This is an open letter to Joe Quesada of Marvel Comics. This is the actual letter he was sent along with a copy of Superman # 704 which is mentioned in the letter. Feel free to put you own comments at the bottom as this is just to share publicly a letter that may never actually reach Joe's hands and if it does... well then hey, it did what it was supposed to do. Hopefully by now the letter has actually made it to Marvel and if not then it might not be as much of a surprise when it does.
Dear Joe Quesada,
Enclosed is a copy of Superman #704. Let me first say that
this isn’t an attempt at distastefully flaunting a competitor’s product in your
face. I’m not a bitter fan boy that needs to prove which corporation I give my
money to is better; no I’m simply a fan of good stories, art and characters. So
what is the reason I’ve included Superman #704, which is a fill-in story for
the “Grounded” storyline written by your former employee… I’m sure you’ll
express an unspoken opinion in your head about now. The issue isn’t great, it’s
good and that’s about all it is. The art is simplistic and if the coloring and
ink had any real depth it would only highlight those simplicities in the
That being said the story is also very simple. Lois has one
of those moments in which we question our course in life, the “what if’s” or
the “what could have beens.” After slightly experiencing the life she could
have had she’s swooped up by Superman. Nothing out of the normal right? In fact
one would have a hard time putting together an educated guess at how many times
that exact thing has happened to her character. Then again, I doubt you
yourself can recall how many times you’ve held your wife and told her you loved
And there it is that is what actually makes the issue great.
Just a couple of pages at the end of the book.; it’s a simple reminder that
regardless of who these character are, what their jobs are or social standing
their relationship is human just like everyone else’s. But why is any of this
Well it boils down to Spider-Man; you know the most
relatable superhero ever created. This issue of Superman actually reminded me
of The Sensational Spider-man Annual 2006 a story told from the POV of Mary
Jane. Really let’s cut to the chase, I’m actually writing to you about One More
Day because isn’t that what it’s always comes down too?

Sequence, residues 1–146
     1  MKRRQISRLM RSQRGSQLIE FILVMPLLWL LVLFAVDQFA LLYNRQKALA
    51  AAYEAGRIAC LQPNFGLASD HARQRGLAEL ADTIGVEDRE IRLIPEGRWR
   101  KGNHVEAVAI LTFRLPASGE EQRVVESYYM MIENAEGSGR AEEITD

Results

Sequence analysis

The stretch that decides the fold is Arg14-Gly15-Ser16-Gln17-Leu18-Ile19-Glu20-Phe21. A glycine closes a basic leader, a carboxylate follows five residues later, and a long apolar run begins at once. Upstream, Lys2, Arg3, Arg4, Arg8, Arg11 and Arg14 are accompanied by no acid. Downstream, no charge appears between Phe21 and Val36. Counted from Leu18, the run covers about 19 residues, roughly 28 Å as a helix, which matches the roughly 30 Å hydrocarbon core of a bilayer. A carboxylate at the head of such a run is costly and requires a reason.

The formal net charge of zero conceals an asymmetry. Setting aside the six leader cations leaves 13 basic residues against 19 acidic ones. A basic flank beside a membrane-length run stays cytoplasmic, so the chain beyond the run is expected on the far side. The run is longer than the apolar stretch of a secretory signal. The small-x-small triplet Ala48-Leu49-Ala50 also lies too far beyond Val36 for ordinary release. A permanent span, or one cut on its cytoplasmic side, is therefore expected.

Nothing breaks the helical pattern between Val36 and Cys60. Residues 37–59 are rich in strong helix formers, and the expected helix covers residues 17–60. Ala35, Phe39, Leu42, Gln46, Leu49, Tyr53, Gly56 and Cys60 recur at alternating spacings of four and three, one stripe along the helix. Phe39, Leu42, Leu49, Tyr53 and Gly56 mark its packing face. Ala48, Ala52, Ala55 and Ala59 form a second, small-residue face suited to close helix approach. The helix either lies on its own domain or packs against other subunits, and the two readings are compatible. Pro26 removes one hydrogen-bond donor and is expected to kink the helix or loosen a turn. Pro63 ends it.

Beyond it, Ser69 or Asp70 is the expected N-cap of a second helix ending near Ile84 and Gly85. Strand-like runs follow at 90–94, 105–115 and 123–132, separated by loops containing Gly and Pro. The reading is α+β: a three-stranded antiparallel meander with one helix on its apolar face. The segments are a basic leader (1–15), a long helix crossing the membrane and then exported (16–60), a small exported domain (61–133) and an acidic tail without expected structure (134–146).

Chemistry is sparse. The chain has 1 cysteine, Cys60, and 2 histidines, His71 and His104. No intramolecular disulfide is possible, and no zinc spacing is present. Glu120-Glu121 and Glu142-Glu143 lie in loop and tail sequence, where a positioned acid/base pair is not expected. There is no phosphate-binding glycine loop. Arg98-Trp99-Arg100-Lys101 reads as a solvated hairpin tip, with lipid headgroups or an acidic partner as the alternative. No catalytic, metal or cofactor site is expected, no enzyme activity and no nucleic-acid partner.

I bet when you were co-conspiring One More/ Brand New Day,
that the thought ever crossed your mind of it being your legacy. Not the man
who helped Marvel back from bankruptcy or made Marvel a house hold name or even
the man who made the company’s biggest announcement in history when the company
was purchased and partnered with Disney. No, instead you’re the man that
destroyed Spider-Man’s marriage.
I’ve been to enough cons’ to know your argument so allow me
to run down the demographic I fall under. I’m unmarried, twenty-eight and work
a boring job of my own choosing. My life is nothing like Peter Parker’s pre-One
More Day other than the fact that I have a girlfriend that most would say is
way too hot for me. Needless to say we don’t have much in common.
That’s the thing about comics and character like Superman
and Spider-Man, that even though we’re nothing a like we share similar
relationships and conversations. Superman doesn’t just become a better
character because he isn’t married to Lois, it’s what the creative teams do and
say with the characters that make them relatable or not.
I’m one of those people that have been robbed of Spider-Man
since One More Day. I understand that it’s a business and that series are
dependent upon sales and where the consumer spends their money. So I voted with
my wallet, not on a message board or a microphone. I simply said that I didn’t
like this course of action with the character and I’m not going to support it.
Because of that I am sure that I have missed out on a lot of fun, great and
charming Spider-Man stories because of it. Personally, I haven’t seen much or
heard about stories that couldn’t have been told with Peter married with the
exception of all the chicks he’s been sleeping with… then again…
The point I want to make is that any writer/creator can hit
the reset button and try again. It takes a great writer/creator to take a
seventy year old character and make him relatable to everyone. What you don’t
get is that some kid could relate to Spider-Man like they do their dad. Some
girl will relate because it reminds her of her first boyfriend. A married man
because it’s just like his marriage or even an older man for the same reason
before his wife passed on. The issue people have is that you told them they
couldn’t relate, but never thought to ask.
Now every issue of Spider-Man is just a story of a character
that doesn’t exist anymore. Sure he has all the mannerisms, but he’s only half
the man he used to be. I’m not looking for it to be switched back with another
back alley deal with the devil… we’re too far down the rabbit hole for that.
No, I’ll just ask that the next time you’re at a convention and someone brings
it up, you just nod and accept your legacy.